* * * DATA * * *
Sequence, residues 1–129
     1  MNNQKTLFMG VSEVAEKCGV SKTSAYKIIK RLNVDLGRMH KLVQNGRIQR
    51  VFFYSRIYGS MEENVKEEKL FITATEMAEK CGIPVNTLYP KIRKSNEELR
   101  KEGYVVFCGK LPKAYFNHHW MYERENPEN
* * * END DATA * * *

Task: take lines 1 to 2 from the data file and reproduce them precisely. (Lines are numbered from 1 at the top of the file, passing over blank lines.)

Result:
Sequence, residues 1–129
     1  MNNQKTLFMG VSEVAEKCGV SKTSAYKIIK RLNVDLGRMH KLVQNGRIQR